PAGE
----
Many of my non-migraineur friends do their best to understand where I’m coming from with this disease, but it’s nearly impossible to explain to them how every little moment has the chance of being overshadowed by a migraine episode. I’ve talked about this problem on my blog before, I know, but I’ve been thinking of it again lately. Oftentimes I don’t even want friends to know how big a part migraine plays in my life, ’cause I don’t want them to perceive me as handicapped or incapable of being so-called “normal.” This problem has been especially prevalent since I decided to launch my own business. On the one hand, I want to be honest with people and let them know that one reason I’m hiring more staff than a normal startup would is because I have to make sure I don’t overwork myself, that I have to make sure there’s a backup person if I am home ill. But if I tell them that, will they doubt my ability to succeed? Will they whisper to each other that this bookstore is a bad idea?

And why am I so hung up on what others think of me?

Perfectionism + being overly concerned with what others think of me + chronic illness do not go well together.

How have you guys coped with any of the issues I’ve brought up here? I’d love some words of wisdom (or at least some words of commiseration).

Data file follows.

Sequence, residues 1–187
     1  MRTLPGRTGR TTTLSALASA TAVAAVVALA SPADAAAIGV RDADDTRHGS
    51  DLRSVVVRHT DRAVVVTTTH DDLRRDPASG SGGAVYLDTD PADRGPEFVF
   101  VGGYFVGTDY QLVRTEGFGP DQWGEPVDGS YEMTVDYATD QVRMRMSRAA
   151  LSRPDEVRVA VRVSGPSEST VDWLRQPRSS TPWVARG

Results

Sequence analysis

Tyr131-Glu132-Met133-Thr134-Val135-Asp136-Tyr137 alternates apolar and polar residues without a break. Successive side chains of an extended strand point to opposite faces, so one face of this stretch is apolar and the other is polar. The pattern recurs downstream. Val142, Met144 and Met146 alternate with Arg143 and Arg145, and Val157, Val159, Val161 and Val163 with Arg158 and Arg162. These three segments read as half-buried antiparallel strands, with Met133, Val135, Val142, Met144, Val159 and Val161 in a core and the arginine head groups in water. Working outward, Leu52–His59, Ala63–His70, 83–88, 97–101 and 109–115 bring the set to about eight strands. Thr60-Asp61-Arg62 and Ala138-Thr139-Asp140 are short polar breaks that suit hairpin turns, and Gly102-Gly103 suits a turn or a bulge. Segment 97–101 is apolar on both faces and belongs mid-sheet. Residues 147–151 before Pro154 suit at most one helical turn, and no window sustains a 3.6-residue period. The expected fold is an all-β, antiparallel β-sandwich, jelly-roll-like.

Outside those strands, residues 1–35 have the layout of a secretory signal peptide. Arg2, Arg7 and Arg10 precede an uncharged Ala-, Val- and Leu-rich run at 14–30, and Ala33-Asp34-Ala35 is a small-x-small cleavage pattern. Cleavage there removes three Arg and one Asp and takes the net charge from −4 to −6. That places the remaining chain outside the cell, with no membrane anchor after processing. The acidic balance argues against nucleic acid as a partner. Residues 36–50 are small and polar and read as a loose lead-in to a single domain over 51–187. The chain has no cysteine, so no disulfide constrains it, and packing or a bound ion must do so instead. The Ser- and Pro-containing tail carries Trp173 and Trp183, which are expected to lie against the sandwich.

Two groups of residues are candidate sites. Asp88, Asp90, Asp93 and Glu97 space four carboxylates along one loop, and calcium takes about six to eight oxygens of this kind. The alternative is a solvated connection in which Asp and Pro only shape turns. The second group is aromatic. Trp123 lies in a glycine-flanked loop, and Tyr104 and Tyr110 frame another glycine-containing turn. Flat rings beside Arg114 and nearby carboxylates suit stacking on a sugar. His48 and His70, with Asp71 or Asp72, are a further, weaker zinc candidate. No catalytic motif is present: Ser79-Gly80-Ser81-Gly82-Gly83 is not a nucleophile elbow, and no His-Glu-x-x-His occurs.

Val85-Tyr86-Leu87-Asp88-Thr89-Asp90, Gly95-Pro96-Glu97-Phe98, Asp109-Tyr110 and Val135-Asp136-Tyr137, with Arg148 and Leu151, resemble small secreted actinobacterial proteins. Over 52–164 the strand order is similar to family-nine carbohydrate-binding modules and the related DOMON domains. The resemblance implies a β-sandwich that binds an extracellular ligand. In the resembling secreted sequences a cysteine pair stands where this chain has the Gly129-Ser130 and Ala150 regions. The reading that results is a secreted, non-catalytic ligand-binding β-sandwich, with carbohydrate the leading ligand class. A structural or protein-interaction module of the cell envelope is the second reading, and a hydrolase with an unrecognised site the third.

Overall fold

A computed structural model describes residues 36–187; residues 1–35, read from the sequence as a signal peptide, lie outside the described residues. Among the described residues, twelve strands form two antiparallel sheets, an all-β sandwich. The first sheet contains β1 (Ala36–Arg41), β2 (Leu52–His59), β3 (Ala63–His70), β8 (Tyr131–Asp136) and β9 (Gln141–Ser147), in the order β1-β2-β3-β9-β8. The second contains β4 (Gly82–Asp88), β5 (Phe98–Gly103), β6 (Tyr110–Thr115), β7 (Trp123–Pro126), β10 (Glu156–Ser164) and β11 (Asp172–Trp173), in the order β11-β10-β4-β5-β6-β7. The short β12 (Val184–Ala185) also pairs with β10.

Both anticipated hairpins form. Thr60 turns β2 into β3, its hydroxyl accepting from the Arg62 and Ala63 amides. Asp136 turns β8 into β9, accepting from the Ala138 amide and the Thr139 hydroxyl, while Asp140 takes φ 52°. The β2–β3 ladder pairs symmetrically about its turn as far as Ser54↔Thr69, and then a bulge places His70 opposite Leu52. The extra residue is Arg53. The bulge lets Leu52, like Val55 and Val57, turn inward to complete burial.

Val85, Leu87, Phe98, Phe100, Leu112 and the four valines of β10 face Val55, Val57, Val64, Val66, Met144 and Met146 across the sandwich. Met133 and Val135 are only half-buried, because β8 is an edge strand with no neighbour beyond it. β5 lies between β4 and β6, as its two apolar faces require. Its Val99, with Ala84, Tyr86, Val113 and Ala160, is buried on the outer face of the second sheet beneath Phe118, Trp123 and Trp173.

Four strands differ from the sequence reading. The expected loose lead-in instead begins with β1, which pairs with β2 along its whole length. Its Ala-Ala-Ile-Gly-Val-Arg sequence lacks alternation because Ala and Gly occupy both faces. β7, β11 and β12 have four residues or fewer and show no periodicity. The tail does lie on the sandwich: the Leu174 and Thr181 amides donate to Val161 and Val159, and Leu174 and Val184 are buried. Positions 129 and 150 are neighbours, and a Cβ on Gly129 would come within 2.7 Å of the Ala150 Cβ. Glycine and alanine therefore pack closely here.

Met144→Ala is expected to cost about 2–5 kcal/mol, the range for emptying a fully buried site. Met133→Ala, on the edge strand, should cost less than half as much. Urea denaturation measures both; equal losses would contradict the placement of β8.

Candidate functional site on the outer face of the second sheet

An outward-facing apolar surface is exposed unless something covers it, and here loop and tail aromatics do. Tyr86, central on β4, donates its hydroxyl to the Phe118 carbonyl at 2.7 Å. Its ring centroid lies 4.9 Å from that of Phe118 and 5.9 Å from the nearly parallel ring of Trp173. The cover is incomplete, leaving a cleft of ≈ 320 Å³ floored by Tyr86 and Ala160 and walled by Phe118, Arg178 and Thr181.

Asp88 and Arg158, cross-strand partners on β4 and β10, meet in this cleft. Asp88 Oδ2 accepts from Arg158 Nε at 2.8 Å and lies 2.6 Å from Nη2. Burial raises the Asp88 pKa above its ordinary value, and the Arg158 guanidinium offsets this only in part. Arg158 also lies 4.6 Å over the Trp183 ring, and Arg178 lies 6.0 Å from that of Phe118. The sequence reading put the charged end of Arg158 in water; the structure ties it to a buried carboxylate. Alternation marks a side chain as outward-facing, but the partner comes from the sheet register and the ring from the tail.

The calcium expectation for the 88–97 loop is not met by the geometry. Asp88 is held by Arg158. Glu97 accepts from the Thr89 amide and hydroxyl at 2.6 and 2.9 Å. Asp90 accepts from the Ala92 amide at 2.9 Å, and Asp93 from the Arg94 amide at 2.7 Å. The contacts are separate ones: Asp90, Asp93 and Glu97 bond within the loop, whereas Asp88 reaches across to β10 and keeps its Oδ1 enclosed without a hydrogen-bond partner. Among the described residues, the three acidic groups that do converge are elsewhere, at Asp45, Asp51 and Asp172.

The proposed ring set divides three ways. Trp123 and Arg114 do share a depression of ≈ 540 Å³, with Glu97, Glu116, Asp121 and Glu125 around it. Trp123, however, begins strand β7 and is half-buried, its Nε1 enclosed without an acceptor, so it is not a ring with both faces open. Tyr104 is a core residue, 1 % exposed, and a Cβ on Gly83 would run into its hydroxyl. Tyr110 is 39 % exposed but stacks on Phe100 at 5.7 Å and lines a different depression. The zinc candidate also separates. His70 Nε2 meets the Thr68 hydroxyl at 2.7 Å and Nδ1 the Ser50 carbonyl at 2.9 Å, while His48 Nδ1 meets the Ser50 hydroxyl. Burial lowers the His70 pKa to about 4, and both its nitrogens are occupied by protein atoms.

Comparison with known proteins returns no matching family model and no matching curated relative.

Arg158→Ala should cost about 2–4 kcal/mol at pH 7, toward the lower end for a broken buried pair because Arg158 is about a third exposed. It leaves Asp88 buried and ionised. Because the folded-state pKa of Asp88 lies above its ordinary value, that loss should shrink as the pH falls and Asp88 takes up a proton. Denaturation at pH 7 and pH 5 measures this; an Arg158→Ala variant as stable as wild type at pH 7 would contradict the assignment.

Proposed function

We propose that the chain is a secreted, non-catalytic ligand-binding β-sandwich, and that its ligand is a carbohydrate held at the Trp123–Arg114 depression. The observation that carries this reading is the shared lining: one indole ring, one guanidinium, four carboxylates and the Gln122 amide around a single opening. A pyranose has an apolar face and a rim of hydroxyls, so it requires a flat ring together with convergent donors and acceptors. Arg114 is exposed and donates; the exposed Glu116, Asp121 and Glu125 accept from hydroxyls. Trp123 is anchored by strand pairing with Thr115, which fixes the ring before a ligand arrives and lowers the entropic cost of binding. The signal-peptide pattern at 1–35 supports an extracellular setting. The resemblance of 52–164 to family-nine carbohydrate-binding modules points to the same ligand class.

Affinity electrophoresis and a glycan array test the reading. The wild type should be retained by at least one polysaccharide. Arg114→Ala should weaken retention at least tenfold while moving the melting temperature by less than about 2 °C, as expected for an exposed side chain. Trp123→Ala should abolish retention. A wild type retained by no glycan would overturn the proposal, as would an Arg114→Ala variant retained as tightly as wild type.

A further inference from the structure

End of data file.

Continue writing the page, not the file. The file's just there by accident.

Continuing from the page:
This article represents the opinions, thoughts, and experiences of the author; none of this content has been paid for by any advertiser. The team does not recommend or endorse any products or treatments discussed herein. Learn more about how we maintain editorial integrity here.


  • Faith Hunter Welborn
    7 years ago

    I totally understand where you are coming from. At least your not alone. If you find an answer -share please! Thanks!

  • Kristal Borges
    8 years ago

    sometimes need more help on being able to control this disease.

  • Kristal Borges
    8 years ago

    altough this posting may be old, I just started searching about it, I suffer from migraines very very often where my friends and family think that its just an excuse to get me out of something when really its not…days ive cried and cried becuz the pain was so bad and the ONLY medication that works for me is the excedrine migraine. The trick to using it though is I have to pop a couple of them right when I feel a migraine coming on…if I catch it to late it wont work and I will get extremely sick, sick to the point I cannot walk, open my eyes, I begin to vomit and the trobbing pain can stay for longest ive had it for was a week….so I to.

  • Amrita Bhowmick, MPH moderator
    8 years ago

    Julie, tucker, and mygraine girl – We’re so happy to hear from you! If you haven’t already, would you like to share your personal stories in the Patient Stories Forum?

    If so, you will be entered into the drawing to win a free iPad. You can use a lot of what you have already shared on this page and I’m sure there are a lot of other patients out there that can relate to your stories! Take care -Amrita

  • mygrainegirl
    8 years ago